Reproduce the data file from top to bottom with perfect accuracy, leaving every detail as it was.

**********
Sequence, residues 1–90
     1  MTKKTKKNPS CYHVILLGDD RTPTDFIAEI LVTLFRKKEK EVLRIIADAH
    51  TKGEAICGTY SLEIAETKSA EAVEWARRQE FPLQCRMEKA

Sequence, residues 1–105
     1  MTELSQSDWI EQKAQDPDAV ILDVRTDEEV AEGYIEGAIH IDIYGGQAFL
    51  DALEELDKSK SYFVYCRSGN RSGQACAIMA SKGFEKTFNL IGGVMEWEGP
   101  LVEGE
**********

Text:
Sequence, residues 1–90
     1  MTKKTKKNPS CYHVILLGDD RTPTDFIAEI LVTLFRKKEK EVLRIIADAH
    51  TKGEAICGTY SLEIAETKSA EAVEWARRQE FPLQCRMEKA

Sequence, residues 1–105
     1  MTELSQSDWI EQKAQDPDAV ILDVRTDEEV AEGYIEGAIH IDIYGGQAFL
    51  DALEELDKSK SYFVYCRSGN RSGQACAIMA SKGFEKTFNL IGGVMEWEGP
   101  LVEGE